LONG BEACH — The owner of the 61-year-old Pacific Coast Club has filed two separate applications with the city that, if granted, would allow either 70% restoration of the castle-like club or its demolition to make way for an entirely new project.
Under either plan, a 16-story tower would be constructed, but the design and function would vary greatly between proposals.
The restored club would have hotel suites, luxury condominiums and public rooms while retaining the facade of its distinctive predecessor. The second plan provides for a glass-and-concrete structure that would contain only condos.
The restoration plan filed last week drew criticism from the club's neighbors when it was unveiled three months ago. The restored club would extend about 40 feet farther onto the beach than the old one, and neighbors were concerned about their ocean views.
So now, the city has two plans from which to choose.
An attorney for owner Robert R. Bellevue of Burlingame said the two proposals were submitted simultaneously so city officials would clearly understand that Bellevue hopes to restore the historic club but will be forced to demolish it if the city does not approve his preferred plan.
"We're going to give the city its choice of whether it wants to preserve the club or not," said attorney Charles Greenberg of Long Beach.
"We want everyone to face up to a decision. Do they want to save that building or not? . . . Our preference is to preserve the club," Greenberg said.
Some local leaders criticized Bellevue for submitting two plans at the same time.
Proposals Seen as a Threat
Nancy Latimer, vice chairman of the Planning Commission and a former chairman of the city Cultural Heritage Committee, said she sees the concurrent proposals as "a threat" by Bellevue to destroy one of Long Beach's most-valued historic structures if his restoration plan is not approved.
Bellevue has said that restoration of the club is not economically feasible unless he is able to build on the beach area. He said that the club's main rooms occupy much of the bluff, which comprises the bulk of the 1.55-acre site at 850 E. Ocean Blvd.
But Latimer said she thinks restoration is feasible without beach construction and without losing the club's eight-story turreted tower.
"I know that there are other developers who've shown interest in restoring that building with only a few minor changes," she said. She said she knows one developer who offered to buy the site from Bellevue to do just that.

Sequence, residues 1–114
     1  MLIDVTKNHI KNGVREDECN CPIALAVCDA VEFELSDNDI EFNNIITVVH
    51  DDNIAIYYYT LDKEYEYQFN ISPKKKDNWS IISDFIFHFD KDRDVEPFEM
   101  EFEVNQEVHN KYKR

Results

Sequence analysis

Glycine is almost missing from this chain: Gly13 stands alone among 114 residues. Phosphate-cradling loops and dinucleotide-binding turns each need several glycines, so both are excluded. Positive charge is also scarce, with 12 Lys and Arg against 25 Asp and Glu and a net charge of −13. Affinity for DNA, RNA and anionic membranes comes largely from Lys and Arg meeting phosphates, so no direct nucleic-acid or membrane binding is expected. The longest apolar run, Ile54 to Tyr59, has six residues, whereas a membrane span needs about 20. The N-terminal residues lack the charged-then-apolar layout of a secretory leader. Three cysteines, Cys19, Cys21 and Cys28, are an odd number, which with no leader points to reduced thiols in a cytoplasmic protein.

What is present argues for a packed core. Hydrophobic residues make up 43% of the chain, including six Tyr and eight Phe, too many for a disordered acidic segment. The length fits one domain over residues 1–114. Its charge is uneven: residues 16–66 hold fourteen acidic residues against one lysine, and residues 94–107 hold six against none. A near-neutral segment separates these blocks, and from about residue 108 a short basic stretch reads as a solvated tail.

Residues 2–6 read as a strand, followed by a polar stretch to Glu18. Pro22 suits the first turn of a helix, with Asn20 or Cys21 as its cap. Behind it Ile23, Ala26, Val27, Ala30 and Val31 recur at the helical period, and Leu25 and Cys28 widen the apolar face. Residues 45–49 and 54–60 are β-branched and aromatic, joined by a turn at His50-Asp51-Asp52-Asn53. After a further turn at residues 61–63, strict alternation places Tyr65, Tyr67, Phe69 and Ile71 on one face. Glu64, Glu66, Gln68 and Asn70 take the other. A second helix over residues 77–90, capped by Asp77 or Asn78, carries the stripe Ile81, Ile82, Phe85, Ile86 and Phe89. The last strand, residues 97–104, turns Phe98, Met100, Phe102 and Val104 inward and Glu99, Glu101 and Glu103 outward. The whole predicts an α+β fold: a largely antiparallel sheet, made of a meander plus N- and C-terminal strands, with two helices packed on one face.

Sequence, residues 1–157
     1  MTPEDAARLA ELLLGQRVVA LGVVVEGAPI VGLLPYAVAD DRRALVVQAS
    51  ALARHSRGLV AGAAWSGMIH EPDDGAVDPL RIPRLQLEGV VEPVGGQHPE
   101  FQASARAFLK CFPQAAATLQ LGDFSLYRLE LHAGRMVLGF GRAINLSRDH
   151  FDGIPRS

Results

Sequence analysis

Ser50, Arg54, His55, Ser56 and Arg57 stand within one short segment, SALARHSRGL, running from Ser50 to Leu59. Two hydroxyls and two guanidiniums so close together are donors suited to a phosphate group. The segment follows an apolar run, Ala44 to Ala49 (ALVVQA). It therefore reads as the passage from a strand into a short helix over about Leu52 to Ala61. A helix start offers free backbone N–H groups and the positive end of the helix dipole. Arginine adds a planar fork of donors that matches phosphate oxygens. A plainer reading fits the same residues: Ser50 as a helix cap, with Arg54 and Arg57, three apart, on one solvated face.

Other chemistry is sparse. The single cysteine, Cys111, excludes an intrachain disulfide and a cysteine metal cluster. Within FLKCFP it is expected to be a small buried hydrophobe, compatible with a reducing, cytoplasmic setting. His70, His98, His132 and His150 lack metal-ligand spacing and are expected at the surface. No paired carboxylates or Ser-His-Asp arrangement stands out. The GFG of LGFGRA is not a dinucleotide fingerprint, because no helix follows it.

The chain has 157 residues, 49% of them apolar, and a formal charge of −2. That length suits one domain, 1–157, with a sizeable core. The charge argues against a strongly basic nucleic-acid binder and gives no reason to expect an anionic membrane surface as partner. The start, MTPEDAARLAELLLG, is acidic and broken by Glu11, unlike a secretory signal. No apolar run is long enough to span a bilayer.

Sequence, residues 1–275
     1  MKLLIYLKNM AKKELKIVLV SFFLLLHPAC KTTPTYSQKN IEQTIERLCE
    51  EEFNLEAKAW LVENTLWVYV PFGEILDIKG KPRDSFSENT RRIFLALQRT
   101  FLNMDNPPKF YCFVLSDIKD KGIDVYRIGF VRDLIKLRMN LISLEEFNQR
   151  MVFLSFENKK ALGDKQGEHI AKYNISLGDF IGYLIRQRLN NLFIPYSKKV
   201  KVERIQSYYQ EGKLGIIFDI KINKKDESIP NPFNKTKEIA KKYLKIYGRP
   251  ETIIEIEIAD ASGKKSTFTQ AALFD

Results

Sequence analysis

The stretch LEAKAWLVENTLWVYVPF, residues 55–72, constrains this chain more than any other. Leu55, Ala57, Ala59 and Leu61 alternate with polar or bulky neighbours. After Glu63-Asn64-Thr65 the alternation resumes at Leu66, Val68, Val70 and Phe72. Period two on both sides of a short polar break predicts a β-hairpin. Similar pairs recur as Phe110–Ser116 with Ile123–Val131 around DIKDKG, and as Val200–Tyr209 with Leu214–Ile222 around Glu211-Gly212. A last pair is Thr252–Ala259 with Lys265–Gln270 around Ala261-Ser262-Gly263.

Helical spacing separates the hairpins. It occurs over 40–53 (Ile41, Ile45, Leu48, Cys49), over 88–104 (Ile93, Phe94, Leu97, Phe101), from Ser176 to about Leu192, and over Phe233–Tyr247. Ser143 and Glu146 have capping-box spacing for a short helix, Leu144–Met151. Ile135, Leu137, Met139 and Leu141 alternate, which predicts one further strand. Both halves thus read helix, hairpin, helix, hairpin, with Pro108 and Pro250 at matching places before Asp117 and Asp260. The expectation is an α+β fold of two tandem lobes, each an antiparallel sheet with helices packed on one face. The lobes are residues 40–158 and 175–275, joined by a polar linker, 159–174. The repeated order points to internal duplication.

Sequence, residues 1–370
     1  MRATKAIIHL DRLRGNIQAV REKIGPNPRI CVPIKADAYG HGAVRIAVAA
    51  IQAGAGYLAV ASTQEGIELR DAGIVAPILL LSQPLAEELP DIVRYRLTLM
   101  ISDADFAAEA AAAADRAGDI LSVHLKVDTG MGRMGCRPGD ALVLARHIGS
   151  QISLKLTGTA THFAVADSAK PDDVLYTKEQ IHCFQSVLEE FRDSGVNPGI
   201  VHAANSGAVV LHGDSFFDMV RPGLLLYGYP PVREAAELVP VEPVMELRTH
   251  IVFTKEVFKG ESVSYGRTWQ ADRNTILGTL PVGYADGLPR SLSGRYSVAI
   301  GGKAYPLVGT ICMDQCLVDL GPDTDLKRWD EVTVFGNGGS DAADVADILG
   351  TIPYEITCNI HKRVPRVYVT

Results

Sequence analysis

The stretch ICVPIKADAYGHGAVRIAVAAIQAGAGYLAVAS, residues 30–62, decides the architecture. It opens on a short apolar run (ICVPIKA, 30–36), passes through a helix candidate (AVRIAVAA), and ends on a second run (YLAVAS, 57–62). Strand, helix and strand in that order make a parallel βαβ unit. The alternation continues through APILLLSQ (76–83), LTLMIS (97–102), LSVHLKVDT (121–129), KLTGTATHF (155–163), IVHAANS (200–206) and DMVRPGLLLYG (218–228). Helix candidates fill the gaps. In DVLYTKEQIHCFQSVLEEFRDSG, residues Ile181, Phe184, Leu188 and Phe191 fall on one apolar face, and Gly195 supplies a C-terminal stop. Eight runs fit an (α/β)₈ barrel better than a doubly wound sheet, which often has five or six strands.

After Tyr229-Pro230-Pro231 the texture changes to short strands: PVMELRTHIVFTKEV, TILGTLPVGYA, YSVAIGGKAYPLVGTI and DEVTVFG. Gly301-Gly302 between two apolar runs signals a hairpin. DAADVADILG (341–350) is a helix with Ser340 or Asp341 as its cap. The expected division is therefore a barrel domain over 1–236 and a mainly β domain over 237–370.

"If this owner is not interested in that," she added, "then my suggestion is to sell it to someone who is, because the people in Long Beach don't want to tolerate any longer developers from outside our city coming in and buying property to destroy it. . . . I'm asked about the Pacific Coast Club all the time. People care more about that building than any other in the city."
A Record of Restorations
Greenberg said that Bellevue, who has a record of restoring important old buildings, has conducted extensive studies, looking for a way to save the club. But he found no way to keep the aging tower, the lawyer said.
"We don't understand how anyone could preserve the tower as it is and have any economical use of the property," he said.
Reaction to the two Pacific Coast Club proposals has been mixed.
City Councilman Evan Braude, in whose 1st District the club is located, said he would oppose any project that would "adversely impact its neighbors. And right now I'm hearing a hell of a lot of complaints from people who don't want that (beach) area built out any further than it is now."
Keith Kleider, a director of the homeowners group at the adjacent Villa Riviera condominiums, said his board opposes building on the beach but would not oppose Bellevue's alternate plan to build condominiums only on the bluff.
Most negative comment has come from people who have not yet seen Bellevue's final plans, which were filed with the city late Wednesday, Greenberg said.
One longtime leader in local preservationist groups, Luanne Pryor, said she saw the Bellevue proposals Thursday and was impressed with the restoration plan.
"I would love to see that happen," said Pryor, a former Cultural Heritage Committee chairman. "That is what I feel preservation is all about. The add-on is exactly the same architectural style as the Pacific Coast Club. It has the same ambiance. But it adds something else. It (resembles) the great old Virginia Hotel that was here. And the same kind of activity will center around this hotel."
Greenberg said he will continue to meet with community groups and the club's neighbors, trying to convince them of the quality of the restoration plan before it goes to the Planning Commission in November.
On Verge of Demolition
The restoration proposal would retain for public use the cavernous main rooms of the club, which was once elegant but has been vacant and on the verge of demolition for several years.
Under that plan, on the back of the site closest to the ocean, 202 hotel suites would wrap around a towering six-story atrium. On the top nine floors there would be 100 condominiums priced at between $175,000 and $375,000 each, Greenberg said.
Bellevue proposes a two-level hotel parking structure on public land behind the Villa Riviera with access off Shoreline Drive. Such a structure would require city approval. The city and the state Coastal Commission would also have to approve any beach construction. Greenberg said strong city support probably would be necessary to gain Coastal Commission approval.
The alternate 187-condo, bluff-top structure, which has a more block-like design, would not require Coastal Commission approval.